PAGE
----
Book Review: My Year of Rest & Relaxation

81q-2m7vwilTitle: My Year of Rest and Relaxation
Author: Ottessa Moshfegh
Genre: Literary Fiction
Publisher: Jonathan Cape
Publication Date: July 10, 2018
Pages: 304
Format Read: Audiobook
Standalone or series: Standalone
Where I got the book: Library Libby App
Date finished reading:  January 26, 2019

Goodreads Description: A shocking, hilarious and strangely tender novel about a young woman’s experiment in narcotic hibernation, aided and abetted by one of the worst psychiatrists in the annals of literature. Our narrator has many of the advantages of life, on the surface. Young, thin, pretty, a recent Columbia graduate, she lives in an apartment on the Upper East Side of Manhattan paid for, like everything else, by her inheritance. But there is a vacuum at the heart of things, and it isn’t just the loss of her parents in college, or the way her Wall Street boyfriend treats her, or her sadomasochistic relationship with her alleged best friend. It’s the year 2000 in a city aglitter with wealth and possibility; what could be so terribly wrong?

This story of a year spent under the influence of a truly mad combination of drugs, designed to heal us from our alienation from this world, shows us how reasonable, even necessary, that alienation sometimes is. Blackly funny, both merciless and compassionate – dangling its legs over the ledge of 9/11 – this novel is a showcase for the gifts of one of America’s major young writers working at the height of her powers.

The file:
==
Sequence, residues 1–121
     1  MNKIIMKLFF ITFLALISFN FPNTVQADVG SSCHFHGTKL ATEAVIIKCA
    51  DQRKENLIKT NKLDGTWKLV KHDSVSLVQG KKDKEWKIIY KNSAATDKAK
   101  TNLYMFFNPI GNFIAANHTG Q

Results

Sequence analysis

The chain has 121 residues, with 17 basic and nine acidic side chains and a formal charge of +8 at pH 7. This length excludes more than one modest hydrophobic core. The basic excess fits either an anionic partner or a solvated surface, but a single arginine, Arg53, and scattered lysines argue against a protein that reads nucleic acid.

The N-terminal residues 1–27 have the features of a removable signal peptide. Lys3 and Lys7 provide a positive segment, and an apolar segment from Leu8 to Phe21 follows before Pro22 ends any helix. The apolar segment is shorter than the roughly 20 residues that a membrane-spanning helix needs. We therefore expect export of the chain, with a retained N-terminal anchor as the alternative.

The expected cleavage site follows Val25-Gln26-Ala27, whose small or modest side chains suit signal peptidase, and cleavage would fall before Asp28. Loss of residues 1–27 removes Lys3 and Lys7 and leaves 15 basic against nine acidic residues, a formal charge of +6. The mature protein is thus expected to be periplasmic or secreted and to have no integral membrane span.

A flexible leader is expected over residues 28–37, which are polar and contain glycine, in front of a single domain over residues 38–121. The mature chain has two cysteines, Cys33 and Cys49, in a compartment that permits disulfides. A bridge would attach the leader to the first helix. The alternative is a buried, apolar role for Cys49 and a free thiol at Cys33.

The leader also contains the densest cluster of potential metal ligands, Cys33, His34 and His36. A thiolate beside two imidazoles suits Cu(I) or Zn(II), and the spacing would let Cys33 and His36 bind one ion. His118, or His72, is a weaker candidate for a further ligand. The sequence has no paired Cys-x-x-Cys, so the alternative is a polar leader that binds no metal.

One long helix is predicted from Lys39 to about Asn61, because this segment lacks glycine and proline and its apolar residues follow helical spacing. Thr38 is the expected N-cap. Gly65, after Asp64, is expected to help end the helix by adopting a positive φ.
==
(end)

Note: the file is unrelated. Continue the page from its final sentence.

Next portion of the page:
My Review: I don’t know where to begin with this book. If I could bring myself not finish a book that I started, this would be the one. Please someone explain to me what the actual point of this story is. It was upsetting and irritating right from the beginning. I’m glad it was fiction, because I really don’t want to believe that anyone could be so self-centered and just a downright nasty human being. I never for one minute sympathized with the main character (aka the narrator).

Maybe I would have felt bad for the way her ex-boyfriend, Trevor, treated her, but she is the one that kept calling (on the verge of harassing) him and convincing him to come over after their relationship was over. I was horrified with how the narrator treated her friend, Reva. She shows no signs of sympathy when Reva’s mom dies, and then later actually uses the phrase, “Good luck with the abortion.” Who says this??? I was just horrified. Is this really what good literature is now?

I was immediately turned off not just by the narrator’s attitude but by the fact that after getting herself fired from a job, she decides to spend a year in a medically induced hibernation. I guess I had assumed by the title that someone maybe be taking a year off of working to rest and relax – must be nice to have the financial privilege to do so – but nothing about this hibernation plan of hers seemed at all restful or relaxing.

I found this actually insulting to all those individuals who are dealing with mental health issues. I, myself, and some friends of mine have had frequent visits to psychiatrists’ offices, and those visits, in my experience and my friends’ have been constructive and a process of healing. I didn’t have a doctor not remember me or my story from visit to visit or do nothing but try to drug me. I realize that this might happen, but I think this book will give those struggling with mental health issues a negative perspective on psychiatrists, and they will not pursue the help that they may need.

Last, I understood that with the mention of the twin towers periodically throughout the story, that this was leading up to 9/11. 9/11 did occur at the end of the book, and I was horrified by that scene and the narrator’s continued lack of feeling.

This was an appalling and senseless book.

My Rating: ♦ ♦